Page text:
Michael Battalio

Wednesday, June 25, 2008

Serious conversations... (part 5)

I apparently forgot to post the last serious conversation. Here it is:

A bit of a disclaimer, this is the fifth in series of serious blog posts about religion and philosophy. If you have ever chatted with me about philosophy and religion and very much disagree, be prepared for that to continue.
 These are my responses (Edited, of course, to offend as few people as possible; although offense is inevitable with me.) from a conversation I am having with an atheist friend of mine about the meaning of life, consciousness, physics, the kitchen sink, religion and a couple of moral issues thrown in to boot. 
 Before every single religious person starts chomping at the bit, let me say this is not an argument about whether there is a God. This is more philosophical in nature. Also let me say that my unnamed friend is one of the most moral, responsible and decent people I have ever met, so no one take the high ground until you’ve read the entire series, and still don’t take it then either. This fifth entry is about my individual purpose to life.

Some time ago I started to read (and still haven’t finished, you know me) The Nicomachean Ethics by Aristotle. He set out his purpose of life as being for Eudaimonia. (Eudaimonia is usually translated as happiness, but a better translation is that of human flourishing.) Aristotle says Eudaimonia is the pursuit of virtue through rational activity. (Aristotle then goes on to explain the virtues he refers to: rationality, relationships, scientific knowledge, character, etc.) I am using this philosophy as the opposing crutch to my purpose relating to there being a God. Eudaimonia makes up for what I find purpose-lacking religiously. It's an interesting concept. All humans strive knowledge (most of us at least) and happiness. (I am realizing already that I'm not going to do as good a job as Aristotle at explaining this.) Those things aren't good enough; that's why most people feel unfulfilled. You need all the other virtues to get anything out of life. It's the combination of character, intellect and knowledge that makes life worth-while.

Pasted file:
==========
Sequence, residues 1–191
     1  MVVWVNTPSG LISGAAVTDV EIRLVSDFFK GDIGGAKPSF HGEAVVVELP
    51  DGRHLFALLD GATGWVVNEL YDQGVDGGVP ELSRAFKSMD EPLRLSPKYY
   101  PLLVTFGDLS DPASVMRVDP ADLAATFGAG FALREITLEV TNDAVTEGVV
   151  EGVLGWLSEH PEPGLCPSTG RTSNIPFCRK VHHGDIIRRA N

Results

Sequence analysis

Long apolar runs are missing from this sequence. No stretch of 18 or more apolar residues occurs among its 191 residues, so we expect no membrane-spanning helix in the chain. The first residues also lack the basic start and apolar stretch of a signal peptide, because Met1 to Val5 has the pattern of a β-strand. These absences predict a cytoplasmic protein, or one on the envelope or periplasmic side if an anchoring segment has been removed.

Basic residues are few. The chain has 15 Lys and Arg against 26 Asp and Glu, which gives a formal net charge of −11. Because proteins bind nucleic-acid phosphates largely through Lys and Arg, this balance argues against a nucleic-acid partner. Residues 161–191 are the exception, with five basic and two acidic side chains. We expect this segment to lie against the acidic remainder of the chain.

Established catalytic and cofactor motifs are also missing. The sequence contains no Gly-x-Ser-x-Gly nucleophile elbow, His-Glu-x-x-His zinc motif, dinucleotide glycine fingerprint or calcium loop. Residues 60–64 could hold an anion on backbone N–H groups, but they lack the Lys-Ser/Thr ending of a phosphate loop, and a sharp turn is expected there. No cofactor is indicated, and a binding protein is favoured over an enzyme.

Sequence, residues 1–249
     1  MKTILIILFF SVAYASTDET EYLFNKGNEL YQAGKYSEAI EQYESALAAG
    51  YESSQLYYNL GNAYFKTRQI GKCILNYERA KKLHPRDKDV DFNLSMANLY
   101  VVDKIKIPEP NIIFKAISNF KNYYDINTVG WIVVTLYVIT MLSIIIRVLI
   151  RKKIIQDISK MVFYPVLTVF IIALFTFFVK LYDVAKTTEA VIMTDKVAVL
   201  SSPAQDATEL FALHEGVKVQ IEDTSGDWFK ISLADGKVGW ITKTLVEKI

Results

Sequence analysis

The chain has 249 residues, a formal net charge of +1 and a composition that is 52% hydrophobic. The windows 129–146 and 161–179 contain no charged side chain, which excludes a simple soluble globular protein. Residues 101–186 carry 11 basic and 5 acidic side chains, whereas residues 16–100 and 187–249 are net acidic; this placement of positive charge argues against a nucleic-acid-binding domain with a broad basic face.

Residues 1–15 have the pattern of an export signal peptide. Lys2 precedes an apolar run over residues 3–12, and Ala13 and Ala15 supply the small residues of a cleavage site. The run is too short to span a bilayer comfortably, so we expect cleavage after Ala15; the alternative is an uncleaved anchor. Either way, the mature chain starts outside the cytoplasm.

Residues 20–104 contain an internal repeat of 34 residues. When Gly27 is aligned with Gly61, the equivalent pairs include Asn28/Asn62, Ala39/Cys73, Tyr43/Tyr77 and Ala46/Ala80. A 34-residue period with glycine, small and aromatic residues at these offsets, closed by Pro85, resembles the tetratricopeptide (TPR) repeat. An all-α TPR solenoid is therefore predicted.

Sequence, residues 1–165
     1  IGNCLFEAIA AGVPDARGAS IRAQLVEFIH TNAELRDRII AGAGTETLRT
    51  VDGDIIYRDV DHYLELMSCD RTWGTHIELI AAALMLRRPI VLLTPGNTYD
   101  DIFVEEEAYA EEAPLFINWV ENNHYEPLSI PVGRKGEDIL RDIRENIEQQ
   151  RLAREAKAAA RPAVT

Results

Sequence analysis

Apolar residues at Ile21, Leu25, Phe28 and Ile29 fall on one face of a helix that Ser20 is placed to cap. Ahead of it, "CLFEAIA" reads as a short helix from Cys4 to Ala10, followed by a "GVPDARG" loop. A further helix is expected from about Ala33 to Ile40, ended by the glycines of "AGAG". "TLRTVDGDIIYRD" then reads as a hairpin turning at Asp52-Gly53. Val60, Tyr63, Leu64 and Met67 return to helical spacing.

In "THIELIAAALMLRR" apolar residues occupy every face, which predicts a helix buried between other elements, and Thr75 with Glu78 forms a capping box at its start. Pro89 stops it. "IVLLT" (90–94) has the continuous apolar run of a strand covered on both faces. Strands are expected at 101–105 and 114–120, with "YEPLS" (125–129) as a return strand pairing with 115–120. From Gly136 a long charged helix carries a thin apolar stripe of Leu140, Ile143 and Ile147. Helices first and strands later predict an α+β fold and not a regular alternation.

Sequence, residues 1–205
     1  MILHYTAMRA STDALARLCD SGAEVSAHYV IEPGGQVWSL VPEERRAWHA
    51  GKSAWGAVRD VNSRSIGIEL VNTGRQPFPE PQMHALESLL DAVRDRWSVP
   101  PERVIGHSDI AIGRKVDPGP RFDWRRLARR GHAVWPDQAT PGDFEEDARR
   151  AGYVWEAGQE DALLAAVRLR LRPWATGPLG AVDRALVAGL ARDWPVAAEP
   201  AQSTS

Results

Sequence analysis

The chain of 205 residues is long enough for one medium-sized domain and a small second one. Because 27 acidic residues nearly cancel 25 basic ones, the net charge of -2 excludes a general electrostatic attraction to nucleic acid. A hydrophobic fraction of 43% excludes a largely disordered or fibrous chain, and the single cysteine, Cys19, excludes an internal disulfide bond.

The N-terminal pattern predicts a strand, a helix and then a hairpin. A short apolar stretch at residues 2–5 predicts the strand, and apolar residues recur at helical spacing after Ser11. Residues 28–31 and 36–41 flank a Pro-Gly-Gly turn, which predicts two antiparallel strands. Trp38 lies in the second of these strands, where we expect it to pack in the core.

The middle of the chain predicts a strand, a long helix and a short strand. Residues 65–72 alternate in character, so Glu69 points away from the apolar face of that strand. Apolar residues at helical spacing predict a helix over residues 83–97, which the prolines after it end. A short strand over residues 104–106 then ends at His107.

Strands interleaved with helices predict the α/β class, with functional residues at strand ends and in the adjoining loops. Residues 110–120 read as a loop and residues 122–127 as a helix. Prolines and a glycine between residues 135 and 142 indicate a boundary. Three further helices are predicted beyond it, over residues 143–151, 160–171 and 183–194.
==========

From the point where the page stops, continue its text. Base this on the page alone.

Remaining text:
It's curious that we are the only creatures that have to have a purpose to life. We are a very goal oriented species, and we are very good at inventing reasons for life. I think a lot of this as to do with the fact we are one of a few species that has free time. We can provide more than our needs, so we have to find things to occupy our time. Animals don't care they might not have a purpose if there are too busy fending off the latest predator to think about it. If we can't find things to fill that time we wonder why we are here if we can't do things we want instead of need.
If you can have a purpose to life without religion, then that is very commendable and independent of you. I can't. I wouldn't say I envy you though because I do like and genuinely believe in my religious convictions, but I will say I don't see how people can subscribe to an existence where the only reason they wake up is to be one day closer to death and therefore heaven. I need more than just religion as a reason to wake up in the morning. If I were you, I wouldn't be embarrassed of it though. There's no reason to be, in almost the same way I'm not embarrassed because I'm Roman Catholic and not Greek Orthodox or Baptist or Muslim or Hindu. Subscribing to a faith is all concept is just as commendable as being able to live with no religion at all.
For me the fact remains that I need both faith and reason to survive. I find that at some point along the way my convictions fail with just one and without the other.

Saturday, June 21, 2008

A Change of Persuasion

After a lot of thought and deliberation, reading a lot of books, I have decided to amend my philosophic persuasion. Don't freak out on me; it isn't as drastic as you might be thinking. I will continue to be a Roman Catholic. While I am Catholic mostly because my grandparents were Catholic, I have come to independently believe in Catholicism as well, but as I get older I no longer have to live exactly by the tradition of the Battalio family. (Interestingly, I have an uncle who used to be a Dominican [I think] brother but left because he thought that the changes made by Vatican II were too extreme. He's still Catholic, just not a brother.) I have a more developed sense of self. And I think that I have become a more thoughtful person. As a consequence, I must include an extra identifier to my system of believes besides Catholic. But, do I still have faith? Yes. (Most of the time.) Am I still Catholic? Most certainly yes. However, I also must face what reason suggests.